Nominal Damages: Everything You Need to Know
Nominal damages are awarded to a plaintiff in a case where the court decides that the plaintiff suffered a legal wrong but no real financial loss. 3 min read
Nominal damages are awarded to a plaintiff in a case where the court decides that the plaintiff suffered a legal wrong but no real financial loss. By issuing such a ruling, the court recognizes that the defendant has breached the plaintiff's rights.
Although awards can vary depending on the case, a successful nominal damages claim usually results in the awarding of a token sum of $1. Some courts also include the cost of the lawsuit in the total nominal damages.
What Are Damages?
In tort cases, plaintiffs who have experienced injury, property damage, pain, or other losses resulting from the defendant's actions usually seek damages. However, to secure financial compensation, the plaintiff must present evidence to prove the loss. If the court decides that the evidence is convincing, it will award damages to the plaintiff.
Before damages can be awarded to a plaintiff in a civil case, the court must determine the dollar amount involved, which in legal terms is called the "actual damages." For example, Mike and Catherine had a contract worth $2,000, but Mike violated the contract. Catherine lost $2,000 as a result and can therefore seek $2,000 in actual damages.
Why Pursue a Nominal Damages Claim?
Courts will only hear cases from plaintiffs who believe they have experienced a legal wrong and are seeking some form of compensation. However, if the plaintiff can't prove the loss they incurred or the loss cannot be measured, they can still seek compensation by suing for nominal damages.
Due to the nature of some cases, there may be no actual damages or the amount may be extremely small. Additionally, if a plaintiff cannot present evidence to prove a legal wrongdoing on the defendant's part, the plaintiff has the option of seeking nominal damages.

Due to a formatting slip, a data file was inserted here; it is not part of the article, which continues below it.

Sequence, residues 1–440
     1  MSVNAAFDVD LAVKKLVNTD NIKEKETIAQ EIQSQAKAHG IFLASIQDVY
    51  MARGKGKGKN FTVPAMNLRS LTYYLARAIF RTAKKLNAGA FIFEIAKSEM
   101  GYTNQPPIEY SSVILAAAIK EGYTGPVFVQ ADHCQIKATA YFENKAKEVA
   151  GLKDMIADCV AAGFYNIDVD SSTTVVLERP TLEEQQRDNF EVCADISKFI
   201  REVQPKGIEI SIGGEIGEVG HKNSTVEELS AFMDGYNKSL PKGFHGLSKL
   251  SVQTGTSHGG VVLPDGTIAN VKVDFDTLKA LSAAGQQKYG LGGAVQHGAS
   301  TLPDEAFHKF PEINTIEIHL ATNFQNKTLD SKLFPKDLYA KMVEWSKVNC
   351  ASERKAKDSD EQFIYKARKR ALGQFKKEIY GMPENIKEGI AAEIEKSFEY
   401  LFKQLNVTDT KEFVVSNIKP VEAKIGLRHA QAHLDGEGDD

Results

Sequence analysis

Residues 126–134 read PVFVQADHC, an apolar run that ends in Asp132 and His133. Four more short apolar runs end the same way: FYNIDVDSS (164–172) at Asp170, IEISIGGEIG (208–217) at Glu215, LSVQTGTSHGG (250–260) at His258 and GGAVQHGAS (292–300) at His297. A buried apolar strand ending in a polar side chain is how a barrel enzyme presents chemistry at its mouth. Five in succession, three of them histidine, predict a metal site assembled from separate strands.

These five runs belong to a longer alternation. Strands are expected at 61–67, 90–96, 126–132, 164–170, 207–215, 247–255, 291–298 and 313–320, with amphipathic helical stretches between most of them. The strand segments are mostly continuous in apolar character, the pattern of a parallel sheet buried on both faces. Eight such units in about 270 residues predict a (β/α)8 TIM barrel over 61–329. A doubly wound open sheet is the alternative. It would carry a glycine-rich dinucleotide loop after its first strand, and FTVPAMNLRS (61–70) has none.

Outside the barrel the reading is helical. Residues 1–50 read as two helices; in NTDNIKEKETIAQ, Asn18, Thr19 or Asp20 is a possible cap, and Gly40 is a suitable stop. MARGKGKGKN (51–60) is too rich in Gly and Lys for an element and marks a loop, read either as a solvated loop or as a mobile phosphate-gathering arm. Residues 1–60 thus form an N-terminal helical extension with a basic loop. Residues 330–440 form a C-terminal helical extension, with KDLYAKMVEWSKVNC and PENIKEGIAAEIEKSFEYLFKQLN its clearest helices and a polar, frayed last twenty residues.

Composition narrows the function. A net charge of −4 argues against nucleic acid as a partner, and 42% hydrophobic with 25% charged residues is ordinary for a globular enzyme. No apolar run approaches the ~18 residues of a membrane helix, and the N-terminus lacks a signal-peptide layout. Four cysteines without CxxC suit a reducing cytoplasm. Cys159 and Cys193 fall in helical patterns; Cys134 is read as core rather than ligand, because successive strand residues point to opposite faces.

Some of the main reasons why an individual may pursue a nominal damages claim include:
- To prove that they were right
- To enable the plaintiff to seek punitive damages against the defendant
- To stand up for an important issue, such as the breaching of constitutional rights
An example of a case involving civil rights could be a woman who accuses a defendant of violating her right to freedom of speech. The court might rule in her favor, but since she experienced no financial loss, she would not receive nominal damages.
Although small sums of money are involved, nominal damages can have a big impact, such as the 1985 case between the United States Football League and the National Football League. The United States Football League won the case, and the court awarded the organization $1. The United States Football League ultimately received $3 because the antitrust laws used in the case automatically triple any damages awarded.
Contract Claims and Nominal Damages
The awarding of nominal damages in a contract claim is not very common. This is because these cases tend to include financial losses if a legal wrong has occurred. Other types of damages are awarded more frequently, including compensatory damages, liquidation damages, punitive damages, and restitution.
However, there are times when nominal damages can be crucial to a contract case. These may include:
- Cases in which property values cannot be calculated
- Cases involving both a contract claim and tort claim, which are referred to as mixed lawsuits
- Cases in which the court finds the defendant has lied or deceived the plaintiff
Imagine that plaintiff A sues defendant B because the defendant failed to provide the insurance that was promised in a contract. Plaintiff A made alternative arrangements to guarantee that they were insured. The court could rule in favor of plaintiff A but would probably only award nominal damages because plaintiff A suffered no losses due to defendant B's actions.
In some states, courts can include the costs of the lawsuit when awarding nominal damages. This is in spite of the fact that the Supreme Court ruled in a 1992 case that including legal fees may be unconstitutional due to the vast difference in cost between attorney fees and the token $1 usually awarded to the plaintiff. Some states use this decision to avoid including lawsuit costs as part of an award for nominal damages.
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